It is generally agreed that there are two main passages of scripture that foretold of the death of Christ more vividly and descriptively than any others, those two being Isaiah 53 and Psalm 22. It is worth noting for this study that there is a reference to Gentiles turning to the LORD after the description of the rejection and death of the Messiah in Psalm 22. It contains the phrase “all the ends of the earth.” Just read Psalm 22:27-28.

All the ends of the earth shall remember
and turn to the LORD,
And all the families of the nations
Shall worship before you.
For kingship belongs to the LORD,
And he rules over the nations.

The Kingdom of God has come upon you

Before closing this post, I want to look at Matthew 12:22-32 because there is so much there of prophetic significance. Jesus heals a man with multiple issues which prompts the crowds to proclaim that perhaps Jesus is the Davidic Messiah. “Can this be the Son of David?” Of course the Pharisees hear of this and must have an explanation as to why Jesus canNOT be the Davidic Messiah. Their counterargument is that Jesus is performing His miracles by the power of the prince of demons, or Satan, if you will. They still have not repented of their view that Jesus is a Sabbath breaker and a sinner, see John 9:16, 24. They can’t deny He has power, so they concede He has power, but it’s demonic power.

These accusations are public so Jesus responds publicly. Jesus shows that Satan’s kingdom cannot be turned against itself. Further, Jesus shows that other people cast out demons and if it’s true for Him, then it must be true for these others. On multiple fronts, the claim of the Pharisees simply does not hold up.

Then Jesus delves into the theology of the Kingdom of God by making an if-then statement. “If” Jesus casts out demons by the power of the Spirit of God, “then” the Kingdom of God has come upon you. We know, because we believe and trust that Jesus is the Servant of Isaiah 42:1, that He cast out demons by the Spirit of God, therefore we must also know that the Kingdom of God had come upon them as Jesus stood in their midst. There must have been a present aspect of the Kingdom of God as Jesus came even in His humility. To deny this is to deny Matthew 12:28. Matthew also keenly includes the parable of the two sons that I can’t seem to find in the other gospels, see Matthew 21:28-32. His point at the end makes a similar statement concerning the Kingdom of God. Tax collectors and prostitutes were entering the Kingdom of God because they repented and believed while Pharisees remained in unbelief. Both of these passages show the present working of the Kingdom of God in the ministry of both John the Baptist and Jesus, see Matthew 11:12-13, with Luke 16:16.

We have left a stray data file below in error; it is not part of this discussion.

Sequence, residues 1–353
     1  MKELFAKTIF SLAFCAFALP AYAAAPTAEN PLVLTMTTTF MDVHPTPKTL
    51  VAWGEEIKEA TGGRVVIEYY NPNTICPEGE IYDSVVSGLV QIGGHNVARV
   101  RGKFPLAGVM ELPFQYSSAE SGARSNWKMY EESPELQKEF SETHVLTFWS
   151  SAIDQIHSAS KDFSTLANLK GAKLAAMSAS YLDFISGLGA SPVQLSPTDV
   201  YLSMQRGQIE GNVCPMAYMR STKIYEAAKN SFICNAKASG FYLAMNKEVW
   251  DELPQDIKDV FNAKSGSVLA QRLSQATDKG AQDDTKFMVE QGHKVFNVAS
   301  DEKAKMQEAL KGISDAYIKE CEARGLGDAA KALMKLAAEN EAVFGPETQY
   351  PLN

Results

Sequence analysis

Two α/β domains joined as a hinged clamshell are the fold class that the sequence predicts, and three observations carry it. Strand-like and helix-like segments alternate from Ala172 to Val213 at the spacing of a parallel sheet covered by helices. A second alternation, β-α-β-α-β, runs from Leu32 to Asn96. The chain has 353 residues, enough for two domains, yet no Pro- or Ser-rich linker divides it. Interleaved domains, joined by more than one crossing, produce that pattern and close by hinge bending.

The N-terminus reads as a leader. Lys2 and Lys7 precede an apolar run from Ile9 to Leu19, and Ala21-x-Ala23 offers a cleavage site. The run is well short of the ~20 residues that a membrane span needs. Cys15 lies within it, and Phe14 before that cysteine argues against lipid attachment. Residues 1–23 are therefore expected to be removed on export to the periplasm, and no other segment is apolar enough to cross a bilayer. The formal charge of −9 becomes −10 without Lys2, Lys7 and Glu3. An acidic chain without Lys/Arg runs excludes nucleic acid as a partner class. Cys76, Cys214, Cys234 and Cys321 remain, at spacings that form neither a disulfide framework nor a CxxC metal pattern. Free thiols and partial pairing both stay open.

When John and later Jesus came preaching, “The Kingdom of God is at hand. Repent and believe the gospel.”; there should be no long complicated explanations as to how the Kingdom of God really wasn’t there. The Kingdom of God was at hand, near enough to be grasped through repentance and belief. The Servant Messiah was in their midst proving that the Kingdom of God had come upon them. The common people could see that this was the Davidic Messiah, but the blindness of the religious authorities kept them from seeing the truth and from entering the Kingdom of God. Sinful outcasts like prostitutes and tax collectors could enter because they could admit their sinfulness. Religious people could not stoop that low. They shut the Kingdom of God in the faces of others, see Matthew 23:13, Luke 11:52, then took away the key so they could not enter. Jesus had come and bound the strong man, Satan, and was able to completely plunder anything that formerly belonged to him, see Matthew 12:29. The power of the Kingdom of God left Satan powerless in the presence of the King. Unclean spirits had to flee since they were powerless being part of Satan’s kingdom.

Because the Servant Messiah has come and fulfilled the prophecies so literally, we should expect that the remainder of the prophecies will be fulfilled just as literally. The Gentile nations will eventually trust in the Servant Messiah when He comes again. The down payment of Gentile salvation is present in the church today. When the Servant Messiah comes to rule and reign over the earth, this is not to simply be the Savior of the nation of Israel. The ends of the earth will trust in this Servant. They will eagerly wait for His law. In Pre-Millennial theology, we can fully expect that the Messiah will come again to rule and reign during a period of time whereby nations will turn to the LORD voluntarily. Because He humbled Himself and gave His life for the world, Gentiles humble themselves in return. They will realize that it is only through the Servant Messiah that anyone will receive true justice.

I encourage you to go back and read Isaiah 42 again. Matthew felt it was of significant importance. It is the foundation for Isaiah 53 which seems to be one of the most popular passages in Isaiah. It is also a key passage for the doctrine of the salvation of the Gentiles. After reading it, go back to Matthew and try to comprehend the significance of how it relates to the life of Jesus Christ, otherwise known as The Chosen Beloved Servant Who Withdrew Himself. Do you want to be like Jesus? Follow His example as a Servant.

Have fun and stay busy – Luke 19:13

-The Orange Mailman